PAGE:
George Washington Papers

To George Washington from Colonel Israel Shreve, 20 January 1781

From Colonel Israel Shreve

Pompton-Camp [N.J.]
20th Jany—81. 10 OClock, P.M.

Dear General,

It is with pain I inform Your Excellency, that the troops at this place, revolted this evening, and have marched towards Trenton: Their behavior and demands are similar to those of the Pennsylvania Line; though no blood has been spilt.

I was informed, by a woman, of their intentions, late this afternoon, and immediately ordered all the men off duty to be paraded; with an intention to detach them in different parties for the night; but found but very few that would turn out. I was amongst them for some time but could not prevail upon them to desist. They have lately received a part of the depreciation of their pay, and most of them are much disguised with liquor.1 Col. Frelinghuysen, one of the Commissioners of the State is now here, we mean to follow them in the morning and endeavour to bring them to reason. I apprehend the detachment at Chatham will join them.2 If the other detachments shoud leave their posts, I shall direct Major Troop to send a garrison to Dobbs’s ferry, and to cover the stores at Ringwood and this place.3 Col. Dayton, I make no doubt, will be able to do duty, and will exert himself to compromise matters with those at Chatham.4 I am Your Excellency’s Very humb. servt

I. Shreve Colo.


After learning of the mutiny in the New Jersey line, GW acted swiftly to suppress the contagion of rebellion that had already infected the Pennsylvania line and resulted in its temporary dissolution (see GW to Shreve, 21 Jan.; see also Anthony Wayne to GW, 2 Jan., source note). He requested that Congress not intervene, gave orders to form a detachment to crush the mutiny, and placed Maj. Gen. Robert Howe in command (see GW to John Sullivan or the Continental Congress Committee on the Pennsylvania Line, 21 Jan.; to Frederick Frelinghuysen, same date, n.2; and to Howe, 22 Jan.; see also GW to Samuel Huntington, 23 Jan.). The mutineers moved to Chatham, N.J., and after conversations with Col. Elias Dayton and the commissioners of the state government, who offered a pardon for all who would return to duty, the troops marched back to their camp at Pompton (see Frelinghuysen to GW, 23 Jan., and Dayton to GW, 24 Jan.).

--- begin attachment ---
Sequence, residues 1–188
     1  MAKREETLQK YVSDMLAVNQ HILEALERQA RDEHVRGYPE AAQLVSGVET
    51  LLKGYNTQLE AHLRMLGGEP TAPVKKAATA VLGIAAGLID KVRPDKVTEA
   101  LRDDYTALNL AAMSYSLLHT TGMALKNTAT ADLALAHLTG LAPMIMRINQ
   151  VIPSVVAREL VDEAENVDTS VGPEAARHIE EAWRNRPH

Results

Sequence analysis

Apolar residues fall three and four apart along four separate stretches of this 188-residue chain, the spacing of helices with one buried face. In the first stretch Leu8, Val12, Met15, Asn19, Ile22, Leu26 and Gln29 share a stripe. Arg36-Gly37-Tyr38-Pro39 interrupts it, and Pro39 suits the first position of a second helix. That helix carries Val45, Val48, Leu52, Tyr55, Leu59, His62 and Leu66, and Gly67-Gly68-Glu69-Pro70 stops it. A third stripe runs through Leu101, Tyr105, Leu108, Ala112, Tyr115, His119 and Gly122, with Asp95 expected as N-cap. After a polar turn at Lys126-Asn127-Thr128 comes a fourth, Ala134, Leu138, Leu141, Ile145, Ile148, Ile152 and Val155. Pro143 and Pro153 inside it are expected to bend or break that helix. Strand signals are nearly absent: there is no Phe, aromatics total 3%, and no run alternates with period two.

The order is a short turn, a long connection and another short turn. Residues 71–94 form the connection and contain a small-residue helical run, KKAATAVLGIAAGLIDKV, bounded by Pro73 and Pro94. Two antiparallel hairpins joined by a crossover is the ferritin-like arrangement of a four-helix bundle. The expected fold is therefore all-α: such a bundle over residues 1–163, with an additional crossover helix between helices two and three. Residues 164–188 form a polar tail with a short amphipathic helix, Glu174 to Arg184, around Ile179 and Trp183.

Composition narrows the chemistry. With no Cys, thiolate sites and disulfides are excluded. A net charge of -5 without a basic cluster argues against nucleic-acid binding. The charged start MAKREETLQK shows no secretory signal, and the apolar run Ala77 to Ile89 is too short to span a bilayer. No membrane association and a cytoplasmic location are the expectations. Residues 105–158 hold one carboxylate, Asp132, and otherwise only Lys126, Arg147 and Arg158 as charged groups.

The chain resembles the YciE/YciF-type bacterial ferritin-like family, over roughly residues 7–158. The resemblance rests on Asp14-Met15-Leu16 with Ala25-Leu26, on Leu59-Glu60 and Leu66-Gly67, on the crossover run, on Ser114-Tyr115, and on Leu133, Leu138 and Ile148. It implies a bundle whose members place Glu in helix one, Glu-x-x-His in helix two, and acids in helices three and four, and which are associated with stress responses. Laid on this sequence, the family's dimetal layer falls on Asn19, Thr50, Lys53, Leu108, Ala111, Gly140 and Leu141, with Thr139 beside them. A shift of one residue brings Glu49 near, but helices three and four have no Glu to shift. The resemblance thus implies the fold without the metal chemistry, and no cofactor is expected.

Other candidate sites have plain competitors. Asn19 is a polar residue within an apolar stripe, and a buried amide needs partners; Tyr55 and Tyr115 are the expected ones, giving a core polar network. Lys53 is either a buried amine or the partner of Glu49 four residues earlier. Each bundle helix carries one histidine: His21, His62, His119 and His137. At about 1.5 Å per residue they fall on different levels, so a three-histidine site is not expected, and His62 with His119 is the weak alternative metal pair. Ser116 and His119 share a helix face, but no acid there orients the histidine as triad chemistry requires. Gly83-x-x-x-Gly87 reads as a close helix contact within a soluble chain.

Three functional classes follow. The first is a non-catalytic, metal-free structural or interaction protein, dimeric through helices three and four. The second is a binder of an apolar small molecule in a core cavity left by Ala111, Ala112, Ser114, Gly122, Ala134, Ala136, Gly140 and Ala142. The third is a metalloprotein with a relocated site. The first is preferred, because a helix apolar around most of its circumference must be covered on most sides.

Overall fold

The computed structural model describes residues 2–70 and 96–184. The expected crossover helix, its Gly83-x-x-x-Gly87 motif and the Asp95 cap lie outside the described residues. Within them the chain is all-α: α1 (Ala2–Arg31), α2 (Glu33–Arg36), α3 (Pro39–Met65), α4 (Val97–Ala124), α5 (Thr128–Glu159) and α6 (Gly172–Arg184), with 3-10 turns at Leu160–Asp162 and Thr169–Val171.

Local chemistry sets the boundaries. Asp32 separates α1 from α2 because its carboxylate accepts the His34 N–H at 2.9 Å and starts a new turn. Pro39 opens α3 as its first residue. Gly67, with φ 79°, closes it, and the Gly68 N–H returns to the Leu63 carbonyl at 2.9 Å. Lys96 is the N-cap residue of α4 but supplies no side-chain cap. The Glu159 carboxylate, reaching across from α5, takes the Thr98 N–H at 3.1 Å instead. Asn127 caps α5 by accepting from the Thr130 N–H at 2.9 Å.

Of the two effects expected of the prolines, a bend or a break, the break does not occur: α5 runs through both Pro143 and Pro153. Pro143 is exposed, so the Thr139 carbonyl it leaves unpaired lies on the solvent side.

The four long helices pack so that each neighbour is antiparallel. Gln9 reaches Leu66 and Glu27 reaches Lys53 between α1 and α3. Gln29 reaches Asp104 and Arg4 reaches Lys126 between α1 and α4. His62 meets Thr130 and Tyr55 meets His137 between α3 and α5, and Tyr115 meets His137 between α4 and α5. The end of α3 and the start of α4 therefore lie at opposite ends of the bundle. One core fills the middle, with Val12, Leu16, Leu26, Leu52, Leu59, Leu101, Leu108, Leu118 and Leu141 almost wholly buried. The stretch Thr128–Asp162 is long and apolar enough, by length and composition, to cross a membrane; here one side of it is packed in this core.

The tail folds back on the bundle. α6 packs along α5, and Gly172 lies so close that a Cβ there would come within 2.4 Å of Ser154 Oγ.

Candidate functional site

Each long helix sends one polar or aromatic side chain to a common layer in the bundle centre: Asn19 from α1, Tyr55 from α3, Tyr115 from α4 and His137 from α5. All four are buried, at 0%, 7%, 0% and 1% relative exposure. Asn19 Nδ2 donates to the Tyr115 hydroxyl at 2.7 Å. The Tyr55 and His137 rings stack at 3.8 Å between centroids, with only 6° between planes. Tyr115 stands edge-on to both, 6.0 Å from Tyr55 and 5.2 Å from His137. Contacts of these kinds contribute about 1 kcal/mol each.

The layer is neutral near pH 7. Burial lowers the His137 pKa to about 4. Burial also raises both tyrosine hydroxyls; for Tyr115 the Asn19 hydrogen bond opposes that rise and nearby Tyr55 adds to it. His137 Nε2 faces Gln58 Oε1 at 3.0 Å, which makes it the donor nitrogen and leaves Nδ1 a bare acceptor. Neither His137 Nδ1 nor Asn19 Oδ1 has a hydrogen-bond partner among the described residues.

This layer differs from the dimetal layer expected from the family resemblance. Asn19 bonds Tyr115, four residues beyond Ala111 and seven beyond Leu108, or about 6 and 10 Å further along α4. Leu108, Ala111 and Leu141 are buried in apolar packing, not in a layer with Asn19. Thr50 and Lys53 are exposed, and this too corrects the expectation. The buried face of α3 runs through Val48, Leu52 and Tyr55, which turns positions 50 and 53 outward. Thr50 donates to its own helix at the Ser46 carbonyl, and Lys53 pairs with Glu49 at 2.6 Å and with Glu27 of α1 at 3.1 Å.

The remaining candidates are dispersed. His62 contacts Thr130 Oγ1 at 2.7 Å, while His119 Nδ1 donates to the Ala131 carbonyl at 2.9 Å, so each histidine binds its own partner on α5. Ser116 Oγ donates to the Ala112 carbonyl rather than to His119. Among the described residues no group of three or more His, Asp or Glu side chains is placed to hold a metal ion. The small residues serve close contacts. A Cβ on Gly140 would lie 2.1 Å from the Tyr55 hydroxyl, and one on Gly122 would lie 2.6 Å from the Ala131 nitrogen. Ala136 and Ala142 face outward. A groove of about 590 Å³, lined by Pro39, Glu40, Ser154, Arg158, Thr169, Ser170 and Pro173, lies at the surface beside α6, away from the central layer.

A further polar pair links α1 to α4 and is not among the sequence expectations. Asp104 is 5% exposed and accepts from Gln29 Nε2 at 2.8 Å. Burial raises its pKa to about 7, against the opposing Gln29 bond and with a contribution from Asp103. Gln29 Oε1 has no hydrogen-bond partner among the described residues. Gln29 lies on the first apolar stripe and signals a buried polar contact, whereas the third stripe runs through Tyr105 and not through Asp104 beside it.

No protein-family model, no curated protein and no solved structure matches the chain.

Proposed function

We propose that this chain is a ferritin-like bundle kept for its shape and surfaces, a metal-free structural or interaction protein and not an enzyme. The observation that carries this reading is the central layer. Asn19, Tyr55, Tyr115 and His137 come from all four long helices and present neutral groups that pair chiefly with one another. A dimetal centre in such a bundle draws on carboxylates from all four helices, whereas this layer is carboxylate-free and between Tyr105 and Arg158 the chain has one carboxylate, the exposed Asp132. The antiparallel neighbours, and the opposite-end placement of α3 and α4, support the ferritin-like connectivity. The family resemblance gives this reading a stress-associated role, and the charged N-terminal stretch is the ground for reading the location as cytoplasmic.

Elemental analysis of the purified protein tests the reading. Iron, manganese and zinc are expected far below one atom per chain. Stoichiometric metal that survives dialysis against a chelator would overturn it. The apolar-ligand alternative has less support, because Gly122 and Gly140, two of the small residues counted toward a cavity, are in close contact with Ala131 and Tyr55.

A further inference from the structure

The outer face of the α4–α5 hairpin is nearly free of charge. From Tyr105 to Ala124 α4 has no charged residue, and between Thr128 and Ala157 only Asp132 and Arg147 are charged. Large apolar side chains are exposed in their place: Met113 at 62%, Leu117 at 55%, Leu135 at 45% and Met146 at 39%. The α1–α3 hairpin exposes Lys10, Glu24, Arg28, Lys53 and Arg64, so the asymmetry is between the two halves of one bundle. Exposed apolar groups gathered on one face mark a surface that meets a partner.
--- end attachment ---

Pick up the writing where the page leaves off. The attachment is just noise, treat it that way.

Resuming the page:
By the time the mutineers had returned to Pompton, Howe had led his corps to Ringwood, New Jersey. After assessing the situation and finding many of the New Jersey troops recalcitrant, Howe moved his troops to Pompton and surrounded the camp of the mutineers. When the mutineers hesitated to comply with orders to lay down their arms, Howe began an attack. The mutineers quickly surrendered and returned to duty. Howe, using authority granted by GW, convened a court-martial, which condemned three ringleaders, two of whom were immediately executed (see Howe to GW, 27 Jan.; see also Howe to GW, 25–26 Jan.). GW, who had moved to Ringwood to monitor events more closely, applauded Howe’s swift action and the loyalty of the troops in his corps, and he reported the successful suppression of the mutiny to Congress (see GW to Howe, 25 Jan.; General Orders, 30 Jan.; and GW to Huntington, 31 Jan.). For additional details, see Van Doren, Mutiny in January description begins Carl Van Doren. Mutiny in January: The Story of a Crisis in the Continental Army now for the first time fully told from many hitherto unknown or neglected sources both American and British. New York, 1943. description ends , 204–27.

2Parts of the New Jersey brigade had been sent to Chatham, N.J., during the mutiny of the Pennsylvania line (see Shreve to GW, 8 Jan., and n.1 to that document).

3Maj. Benjamin Throop’s detachment of New England troops was covering the public stores at Ringwood (see William Heath to GW, 8 Jan., and n.2 to that document). GW ordered Throop to march his detachment to West Point but soon countermanded those orders on learning of the rebellion of the New Jersey troops (see GW to Throop, this date, and the source note to that document).

4For Col. Elias Dayton’s actions at Chatham, see his letter to GW of 24 January.

Index Entries